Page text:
The first part of the elementarie vvhich entreateth chefelie of the right writing of our English tung, set furth by Richard Mulcaster.
Mulcaster, Richard, 1530?-1611.

Cap. II. That this fiuebranched Elementarie is warranted by generall autoritie of all the grauest writers, and all the best common weals.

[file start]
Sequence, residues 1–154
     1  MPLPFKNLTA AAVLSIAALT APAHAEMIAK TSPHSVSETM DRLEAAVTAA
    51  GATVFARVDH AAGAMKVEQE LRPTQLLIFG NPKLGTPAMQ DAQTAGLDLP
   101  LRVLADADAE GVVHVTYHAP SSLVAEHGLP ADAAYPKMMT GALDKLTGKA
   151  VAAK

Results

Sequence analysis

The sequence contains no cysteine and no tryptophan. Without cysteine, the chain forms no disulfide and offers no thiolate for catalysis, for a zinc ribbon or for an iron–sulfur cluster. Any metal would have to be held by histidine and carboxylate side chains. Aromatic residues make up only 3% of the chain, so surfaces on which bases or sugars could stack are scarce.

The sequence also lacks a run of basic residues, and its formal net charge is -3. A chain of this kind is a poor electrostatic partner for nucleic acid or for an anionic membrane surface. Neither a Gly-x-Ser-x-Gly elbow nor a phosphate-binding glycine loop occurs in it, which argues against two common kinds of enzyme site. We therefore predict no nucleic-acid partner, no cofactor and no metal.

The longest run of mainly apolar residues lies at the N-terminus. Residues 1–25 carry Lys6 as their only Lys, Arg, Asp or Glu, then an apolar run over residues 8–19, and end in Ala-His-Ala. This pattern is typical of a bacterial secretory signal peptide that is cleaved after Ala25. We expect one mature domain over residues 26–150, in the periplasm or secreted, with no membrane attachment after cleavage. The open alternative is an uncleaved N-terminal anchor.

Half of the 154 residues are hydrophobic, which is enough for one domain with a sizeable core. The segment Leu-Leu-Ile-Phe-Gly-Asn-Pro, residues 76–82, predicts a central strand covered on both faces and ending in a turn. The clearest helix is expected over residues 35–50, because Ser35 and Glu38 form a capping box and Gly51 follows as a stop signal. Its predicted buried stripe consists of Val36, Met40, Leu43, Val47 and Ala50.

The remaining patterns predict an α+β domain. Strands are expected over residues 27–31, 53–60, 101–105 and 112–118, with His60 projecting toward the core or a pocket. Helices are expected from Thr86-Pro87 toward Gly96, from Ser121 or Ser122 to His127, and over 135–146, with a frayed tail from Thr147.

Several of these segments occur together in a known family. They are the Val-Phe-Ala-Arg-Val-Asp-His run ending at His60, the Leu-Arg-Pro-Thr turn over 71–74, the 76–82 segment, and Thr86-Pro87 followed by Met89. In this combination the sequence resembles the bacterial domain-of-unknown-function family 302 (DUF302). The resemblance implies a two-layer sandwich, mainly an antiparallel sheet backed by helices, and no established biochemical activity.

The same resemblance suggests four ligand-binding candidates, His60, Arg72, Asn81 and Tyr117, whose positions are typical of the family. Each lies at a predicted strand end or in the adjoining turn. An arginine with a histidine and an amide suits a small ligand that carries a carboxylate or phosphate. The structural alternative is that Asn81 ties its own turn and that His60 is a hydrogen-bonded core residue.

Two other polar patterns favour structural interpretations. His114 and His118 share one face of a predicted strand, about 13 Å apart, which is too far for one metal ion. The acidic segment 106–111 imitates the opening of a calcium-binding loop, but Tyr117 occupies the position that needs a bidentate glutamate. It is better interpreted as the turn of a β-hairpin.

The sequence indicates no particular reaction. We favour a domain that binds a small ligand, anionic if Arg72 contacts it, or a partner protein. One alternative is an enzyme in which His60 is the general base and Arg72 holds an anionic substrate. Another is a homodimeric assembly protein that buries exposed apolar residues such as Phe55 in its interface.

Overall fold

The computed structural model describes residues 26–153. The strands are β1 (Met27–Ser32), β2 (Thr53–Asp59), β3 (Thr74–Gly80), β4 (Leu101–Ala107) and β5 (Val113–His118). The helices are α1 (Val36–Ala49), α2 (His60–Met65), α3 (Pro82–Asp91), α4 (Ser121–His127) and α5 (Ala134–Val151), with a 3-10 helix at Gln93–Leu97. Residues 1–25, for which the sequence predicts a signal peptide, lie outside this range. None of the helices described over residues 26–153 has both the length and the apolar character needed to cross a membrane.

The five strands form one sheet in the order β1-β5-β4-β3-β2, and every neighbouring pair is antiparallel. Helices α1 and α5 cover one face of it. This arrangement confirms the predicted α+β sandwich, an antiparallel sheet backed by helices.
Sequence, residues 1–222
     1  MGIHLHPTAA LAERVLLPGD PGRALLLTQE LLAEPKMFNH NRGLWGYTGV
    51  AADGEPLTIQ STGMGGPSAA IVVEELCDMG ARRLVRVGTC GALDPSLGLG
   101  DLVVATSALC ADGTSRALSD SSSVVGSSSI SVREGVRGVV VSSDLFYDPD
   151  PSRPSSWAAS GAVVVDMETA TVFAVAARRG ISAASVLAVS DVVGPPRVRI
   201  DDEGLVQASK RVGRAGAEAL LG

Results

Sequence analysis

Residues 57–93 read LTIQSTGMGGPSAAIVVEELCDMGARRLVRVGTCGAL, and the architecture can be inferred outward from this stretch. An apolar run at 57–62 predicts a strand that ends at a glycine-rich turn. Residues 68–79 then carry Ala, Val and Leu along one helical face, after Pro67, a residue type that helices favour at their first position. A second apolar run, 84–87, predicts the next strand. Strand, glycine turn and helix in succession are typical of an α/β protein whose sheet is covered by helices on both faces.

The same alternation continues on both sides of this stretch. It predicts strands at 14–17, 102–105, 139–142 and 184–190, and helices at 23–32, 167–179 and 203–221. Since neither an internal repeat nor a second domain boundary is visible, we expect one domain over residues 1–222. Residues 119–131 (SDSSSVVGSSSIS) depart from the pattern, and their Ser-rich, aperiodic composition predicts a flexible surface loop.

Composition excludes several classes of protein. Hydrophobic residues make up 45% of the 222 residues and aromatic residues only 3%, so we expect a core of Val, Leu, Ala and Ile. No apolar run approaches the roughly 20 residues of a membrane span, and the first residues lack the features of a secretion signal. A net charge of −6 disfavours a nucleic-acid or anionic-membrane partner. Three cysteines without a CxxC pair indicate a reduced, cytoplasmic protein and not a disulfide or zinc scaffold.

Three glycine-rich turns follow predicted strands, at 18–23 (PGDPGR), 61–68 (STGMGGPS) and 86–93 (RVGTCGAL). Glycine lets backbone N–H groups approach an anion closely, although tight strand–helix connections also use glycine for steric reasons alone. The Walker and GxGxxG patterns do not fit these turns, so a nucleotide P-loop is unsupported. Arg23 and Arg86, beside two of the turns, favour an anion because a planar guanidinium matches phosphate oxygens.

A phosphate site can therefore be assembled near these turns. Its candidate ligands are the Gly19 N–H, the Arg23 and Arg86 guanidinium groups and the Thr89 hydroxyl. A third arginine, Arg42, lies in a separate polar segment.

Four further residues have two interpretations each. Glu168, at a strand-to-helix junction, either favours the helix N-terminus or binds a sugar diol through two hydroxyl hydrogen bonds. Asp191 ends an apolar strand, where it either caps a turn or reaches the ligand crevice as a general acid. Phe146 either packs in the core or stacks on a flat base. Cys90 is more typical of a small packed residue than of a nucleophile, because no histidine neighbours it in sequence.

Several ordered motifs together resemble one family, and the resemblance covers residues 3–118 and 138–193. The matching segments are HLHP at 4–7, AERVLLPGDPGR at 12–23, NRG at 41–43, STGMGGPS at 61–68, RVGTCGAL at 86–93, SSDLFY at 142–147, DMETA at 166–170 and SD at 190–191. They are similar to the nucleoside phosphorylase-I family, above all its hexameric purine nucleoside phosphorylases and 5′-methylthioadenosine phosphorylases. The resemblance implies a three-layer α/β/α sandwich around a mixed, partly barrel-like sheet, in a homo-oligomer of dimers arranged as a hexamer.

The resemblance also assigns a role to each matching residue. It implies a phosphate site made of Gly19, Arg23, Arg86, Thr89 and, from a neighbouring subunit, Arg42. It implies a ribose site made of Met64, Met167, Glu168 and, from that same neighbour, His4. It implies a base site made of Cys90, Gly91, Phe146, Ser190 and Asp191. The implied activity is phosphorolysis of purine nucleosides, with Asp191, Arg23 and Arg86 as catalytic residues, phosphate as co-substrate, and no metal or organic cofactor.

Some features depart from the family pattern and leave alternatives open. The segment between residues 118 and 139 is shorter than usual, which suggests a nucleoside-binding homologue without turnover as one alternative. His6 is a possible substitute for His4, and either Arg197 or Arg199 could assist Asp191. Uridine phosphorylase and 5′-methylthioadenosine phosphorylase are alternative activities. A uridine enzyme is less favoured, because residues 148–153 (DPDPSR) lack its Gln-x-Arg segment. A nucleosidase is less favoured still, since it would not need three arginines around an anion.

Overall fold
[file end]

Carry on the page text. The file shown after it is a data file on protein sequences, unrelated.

IN persuading & admitting euen the verie best things, there be two other points, besides the pretended goodnesse in the thing, which theie haue still in eie, that ar to be per∣suaded. Whereof the one is, what coūtenaūce he carieth, which is the persuader, and what mean he vseth to work his per∣suasion. For both the thing, which is in question, must make shew of some good, ear it will be receiued: and the partie that Page  6 persuadeth, must be of good credit, if he think to be beleued: and the mean whereby his persuasion must take place, must be stronglie appointed with the best kinde of proufs, both for autoritie in persons, and probabilitie in things. For who will allow, but where there is a why? or who will hear him, which is, he knoweth not who? or what force can that haue to pro∣cure it self place, which neither wise man praiseth, nor wise reason proueth? That this fiue branched Elementarie, which * I seke to persuade, is verie profitable and good, there be manie priuat presumptions in our cōmon experience, besides the ge∣nerall proufs, which shall follow hereafter. First, bycause the most of these principles be in vse with vs alreadie, tho not with all persons, yet sure in all places, where the liking of these things, and the abilitie to bear charge do concur in parents. Secondly, bycause euen those which haue them not, yet do wish theie had them, when theie fall in thinking of them, vpon som either pleasant or profitable obiect, which theie finde wrought by them: tho vpon som priuat respect either to spa∣ring or to precise, some kinde of people either care not for get∣ting them at first, or for wishing them at last, least theie might seme to condemn their own selues, if theie did wish for that, which theie wold not once, as contemning that of passion, which theie allow of in iudgement. Besides these two, there be * a number mo, which our dailie experience doth bring furth, whereby the goodnesse of this argument, is euidentlie confir∣med. And maie it not seme likelie to anie resonable censur, that I my self wold not so force them on publiklie, if theie were not in dede excedinglie well warranted, with more thē mine own autoritie? For who am I to persuade the liking of so full an Elementarie, not allowed of the most, neither tried of the best? A simple teacher. And yet that teaching name is not plane nothing, in a matter of school. A mean companion. That is a great somthing, where the persuaders countenance, is to carie awaie the thing. Nay a newfangle. That is very odious, where the old currant will not lightlie be changed, and the opinion of right hath both the countenance of the best, and contentment of the most, wherevpon to make staie. To me it maie be replied, you medle in this matter alone, you do but Page  7 truble your self: you can not turn the course, which is ordi∣narie & old, and therefore verie strong for you to striue against: this thing which you commendis not euerie mans ware: it will not be compased: do you let it alone: if you will nedes write, turn your pen to other matters, which the state will better like of: which this time will soon allow: which you maie per∣suade with credit, if theie be new, and sutable: or confirm with prase, if theie be old, and nede the file. If these and such ob∣iections were not allwaie ordinarie euen to euerie one, in all at∣tempts of turning, either from the ill to good, or from the good to better, I wold answer them with care, but now I nede not, bycause to win a resolute good, he that wisheth to haue it must think to wrastle for it, both with words and writing, a∣gainst corruption of time, against the alonenesse of attempt, a∣gainst the preiudice of parties, against the difficulties of per∣formance, & whatsoeuer else. Neither must he be discouraged with anie ordinarie thwarting, which is a thing well known to well trauelled students, and of least account where it is best known, how fearfull a thing soeuer it seme to weak fantsies, by crossing of corruption to striue against the stream. For both the stream will turn, when a stronger tide returns, and if there be no tide, yet an vntired trauell will still on a∣gainst it, vntill he be aboue it. And more honorable it were for som one or som few to hasard their own credit and estima∣tion for the time in fauour of such a thing, as theie know to be of credit, tho not in account, then by to timorous a con∣ceit, to sore afraid of a popular opinion, not alwaie the soun∣dest, tho most of most swinge, to leaue excellent arguments ei∣ther destitute of defence, if theie be pleaded against, or defeated of deliuerie, if theie fortun to be cald for. For maie it not fall out, that such a thing, as this is, maie be cald for hereafter, tho presentlie not cared for thorough som other occasion, which hath the rudder in hand? I had therefor rather that it were redie then, to help when it were wisht for, then for fear of misliking at the first setting furth, to defraud the posteritie of a thing so passing good. And what if the want of conuenient books, appropriate to persons, applied to things, apt for ech purpos, both hath bene, and be the hinderer of such helps, Page  8 which would be ventered on, if men had such volums? And in good sooth, I know not anie book in this Elementarie kinde so thoroughlie fitted for such a purpos, as I hope this shall pròue. What there be in other kindes I will then shew mine opinion, when I com to their placing. But for this present, bycause there maie be such counterbufs, as I haue said before, against my countenaunce in this persuasion, notwithstanding the good, which is more then half confessed to be in the thing, I haue therefor by waie of mean to work persuasion, fenced my hole * choice in all these principles, with the best autoritie of most al∣lowed writers, who cōmend the vse of them in one hole traine, and with the greatest weight of most apparent reasons, which maie persuade vs thoroughlie to entertain them so, as their de∣sert is worthie, and as their worthinesse deserues. Which two proufs, I thinke maie verie well persuade anie reasonable man, both to beleue me, and to embrace them. But will ye hear the writers them selues speak? theie shall not nede to be ma∣ny bycause the testimonie of a few is sufficient enough, where the truth of a thing is called in question, and those few in that kinde be held for most trew, the kinde it selfe being such as cō∣cerneth not religion, but onelie common policie, tho the poli∣cie be but simple, where the religion is but small. Besides this all such writers as saie the same with them after their time, be but quils of that cundit, whereof theie ar the head: or if theie were before them, theie are so confirmed by them, as the second cō∣firmers be of more estimatiō then the verie first founders, both for their owne valew, for the credit of their countries, and the euidence of their time. For when theie liued, there were so great broods of most learned men, as would not haue let them go vncontrolled, if theie had missed the cussion. Therefore I must nedes think, that theie did not misse, and so much the ra∣ther, bycause theie name all the principles, which argeweth ad∣uise: & shew, for whō theie fit, which proueth a good forecast. Whereby theie direct vs also not onlie in the choice of matter to * learn, but also in the choice of wits fit to learn. First of all Pla∣to a man in these arguments verie well thought of among those that be learned examining of purpos what things be nedefull for the first education of young children, findeth out Page  9 gymnastik for the bodie and Musik for the minde, where he constreweth Musik a great deall larger then we common∣lie do, comprising vnder that name speche, and harmonie: and therewithall implicatiuelie he comprehendeth writing & rea∣ding for the benefit of speche, as singing and plaing for the vtterance of harmonie. A thing not gathered in him by me in natur of anie consequence, but vttered by himself, in the waie of his discourse. In the same place freing poetrie from fabu∣lous and vnsemelie arguments, and pictur from wanton & lasciuious resemblances, which two be the generall branches of naturall imitation, where he fineth both he refuseth neither: but as by clensing poëtrie he proueth grammer to be but an E∣lementarie principle, so by clearing pictur, he proues drawing to be another. Whereunto he might be the sooner moued, by∣cause *Pamphilus the Macedonian, master to the famous Apelles about the same time procured throughout al Grece, that draw∣ing should be held for the first degre of liberall science in the training vp of childern, and that no bondman should be ad∣mitted to vse the pencill. Wherevpon Plinie saith, that he neuer red of, neither yet euer saw anie excellent pece of work pain∣ted * by a bondman, tho manie by wemen. It should also seme that Aristotles plane speche concerning drawing did take hold of that act procured by Pamphilus, who examining, as Pla∣to* did, in what things childern were to be trained vp, setteth down all the fiue principles by name and allegeth great rea∣sons, why the minde is to be fashioned by them for learning, as the bodie is by gymnastik for exercise. He spendeth also the most part of the eight of his politiks to clear Musick from blame, and to proue it nedefull euen for bettering of maners besides vndouted pleasur. Quintilian also a Rhethorik master * among the Romanes, and of no lesse account in his cuntrie then he was of cunning, and so estemed of among vs, in the fra∣ming of his best orator, first nameth writing and reading, and with som earnest chalenge taketh vpon him the protection of Musik, whose two arms singing and plaing be. And in the same place vsing the same fauour to Arithmetik and Geometrie, which perfit the pen and pencill in Apelles his opinion, as the pen and pencill be their principles in common sense, he could Page  10 not but allow the one, admitting the other, as Plato did before him not refusing where he fined. I will rest content with the assured credit of these thre onelie, as principall among all, whe∣ther philosofers, or other, whereof there is none, but he doth allow of those principles, which these thre appoint, and I haue chosen. Neither is there anie other of either valew or account, which handleth this argument of childrens foretrain, whether in Greke or Latin, whether of purpos or by passage, whether Christian or prophane writer, but he ioyneth with them and me herein, tho in som after learning, and fear of som misuse, theie somtime dissent, and wish rather that the principles were wanting then the perills should take place, which vnwise peple seme to be subiect vnto, by dealing to far with them, a false slander to good principles, tho a iust reproche to ill peple. The best appointed common wealls also, in the best & most florish∣ing times for all kinde of learning embraced the same train, a thing as easie to be proued, by all the best writers, in most plane terms, if I thought it nedefull, as it is roundlie said in these few words. For it is not my resolution to vse manie names, tho I know the men, saue in those cases, where I must haue som com∣panie of known note, to satisfie som humors, or else seme my self to be of either none, or but of verie small account. Nei∣ther is it anie discredit for a Christian writer in cases of learning and education, such as these be, where Christianism maie fur∣nish the matter, tho prophanism yeild the form, to follow the president of prophane common wealls, & to cite the testimo∣nie of old philosophers, from whence we fet the most part of our learning. Neither can anie Christian state, or anie relligious consideration tho neuer so precise, but think verie well of these Elementarie principles, which the panims do, allow if theie be aduisedlie considered, and not he dilie renounced, by either raptnesse in conceit, or rashnesse in iudgement, before theie be well weied. For the same principles of learning, & the same fa∣culties being learned, did arm the Christians to ouerthrow, which armd the infidels to assail, as the learned diuines know to be most trew, by both the old greke writers, as Iustine the mar∣tir Eusebius the storier, and who not of that race? & by the old latin autors to, as Lactantius and Austen, and who but of that Page  11 crew? whose names I wold not spare, if that were best for spede. And why not Agar beloued in obedience to hir mistresse, as banished for hir stomak? seing it pleased Philo to make fre Sara the type of right religion, & bond Agar the type of other leaning. For the ills which ar pretended to come by them which be the chefe, naie the onelie causes why som honest but to credulous naturs do mislike som of them: the common wealls which shall admit them & the parties which will learn them for their profit sake, must take hede therevnto, least a more perillous harm do chance to crepe in vnder the colour of profit: seing the falts wherewith theie ar charged procede not from the things as naturallie euill, but from the persons, as na∣turall abusers, euen of what so is best. Which point in waie of their iustification shalbe laid verie plane in the particular dis∣courses of euerie principle. Well then, thus do all writers, thus do al estates, thus do all relligions esteme of these principles for the number, & goodnesse thereof, for where allowance of num∣ber is, the allowance of their good is granted before hand.